MLA 2014 Abstract

The following is to be presented on the “Reading with Negri” Panel at the 129th MLA (Modern Language Association) Conference, 2014.

“Realizing a Materialist Literary Criticism: Hardt and Negri on the Politics of Literary Inquiry”

Two invocations in Hardt and Negri’s Empire and recently published Declaration call for a fundamental revisioning of the place and function of literary criticism. Toward the formation of a ‘materialist literary criticism,’ Hardt and Negri conceive of literary criticism as a political act. Figured as a call for a non-prescriptive, anti-programmatic relation between theory and its object of inquiry, materialist literary criticism does not reduce literary production to a by-product of socio-political or economic relations, nor is it simply an attempt to understand literature in and of the milieu of its production. Rather, the import of a materialist literary criticism lies in producing a kind of expressive ground–an experimental landscape from which theoretical inquiry into aesthetic production might produce or assist to produce actually existing alternatives to Empire.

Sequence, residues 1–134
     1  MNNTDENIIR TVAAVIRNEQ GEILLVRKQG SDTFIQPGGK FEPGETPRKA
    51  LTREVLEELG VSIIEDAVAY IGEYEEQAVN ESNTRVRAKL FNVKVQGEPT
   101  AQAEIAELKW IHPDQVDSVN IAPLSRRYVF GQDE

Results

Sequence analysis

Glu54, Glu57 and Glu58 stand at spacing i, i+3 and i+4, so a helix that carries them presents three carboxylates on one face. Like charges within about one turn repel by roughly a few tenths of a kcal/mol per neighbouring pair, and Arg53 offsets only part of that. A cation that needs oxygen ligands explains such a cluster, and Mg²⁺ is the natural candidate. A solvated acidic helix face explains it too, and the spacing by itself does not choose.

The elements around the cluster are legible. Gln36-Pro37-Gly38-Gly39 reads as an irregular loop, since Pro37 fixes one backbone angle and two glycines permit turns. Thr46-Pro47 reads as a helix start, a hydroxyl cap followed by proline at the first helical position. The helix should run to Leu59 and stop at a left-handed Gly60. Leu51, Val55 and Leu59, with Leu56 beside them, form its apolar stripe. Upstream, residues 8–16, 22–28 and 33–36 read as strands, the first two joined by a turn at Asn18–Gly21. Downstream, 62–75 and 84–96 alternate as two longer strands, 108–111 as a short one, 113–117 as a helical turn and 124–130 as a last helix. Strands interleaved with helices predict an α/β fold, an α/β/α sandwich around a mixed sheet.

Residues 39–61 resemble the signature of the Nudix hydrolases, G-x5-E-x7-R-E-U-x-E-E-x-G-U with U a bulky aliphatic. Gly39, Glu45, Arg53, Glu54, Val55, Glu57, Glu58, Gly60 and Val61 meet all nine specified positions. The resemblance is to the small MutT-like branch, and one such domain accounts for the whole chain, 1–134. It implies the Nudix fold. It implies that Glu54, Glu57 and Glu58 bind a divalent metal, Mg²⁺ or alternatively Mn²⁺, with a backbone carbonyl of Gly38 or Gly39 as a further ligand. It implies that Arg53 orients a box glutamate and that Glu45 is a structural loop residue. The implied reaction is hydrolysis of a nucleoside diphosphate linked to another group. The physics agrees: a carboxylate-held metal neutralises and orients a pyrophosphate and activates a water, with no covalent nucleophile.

Of this form of literary criticism, Hardt and Negri identify particular literary genres that perhaps most immediately oppose or embody their political objectives. Intent on articulating an immanent desire that organizes resistance here and now rather than as a program manifesting a utopic vision of the future, Hardt and Negri’s second invocation opposes the manifesto to the pamphlet. Where the manifesto is a prophetic genre, calling forth a future and a subject of that future, the pamphlet names subjects of resistance existing in the present and works to transform the present. Out of this literary and theoretical opposition, I give a cursory overview of the manifesto’s use and function, focusing on The Communist Manifesto and moving quickly to manifestos recently produced in the context of the Arab Spring and Occupy Wall Street. On the other hand, I give a focused reading of the genre’s political imperatives. I conclude with a meditation on Hardt and Negri’s proposed political and generic difference, speculating that if a materialist literary criticism is to be effective, it must forefront experimentation and transformation rather than division and opposition. Despite its condemnation, the manifesto may still have a future in radical political thought and practice.


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